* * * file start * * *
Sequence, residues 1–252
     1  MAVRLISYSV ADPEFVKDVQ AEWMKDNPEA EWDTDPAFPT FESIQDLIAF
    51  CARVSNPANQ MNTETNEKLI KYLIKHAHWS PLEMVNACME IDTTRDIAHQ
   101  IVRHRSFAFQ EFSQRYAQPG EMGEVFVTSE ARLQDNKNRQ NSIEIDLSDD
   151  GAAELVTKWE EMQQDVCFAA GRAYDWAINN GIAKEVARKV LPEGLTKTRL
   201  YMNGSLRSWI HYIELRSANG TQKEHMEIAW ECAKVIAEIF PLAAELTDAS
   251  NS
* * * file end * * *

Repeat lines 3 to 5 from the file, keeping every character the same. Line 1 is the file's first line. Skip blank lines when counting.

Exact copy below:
    51  CARVSNPANQ MNTETNEKLI KYLIKHAHWS PLEMVNACME IDTTRDIAHQ
   101  IVRHRSFAFQ EFSQRYAQPG EMGEVFVTSE ARLQDNKNRQ NSIEIDLSDD
   151  GAAELVTKWE EMQQDVCFAA GRAYDWAINN GIAKEVARKV LPEGLTKTRL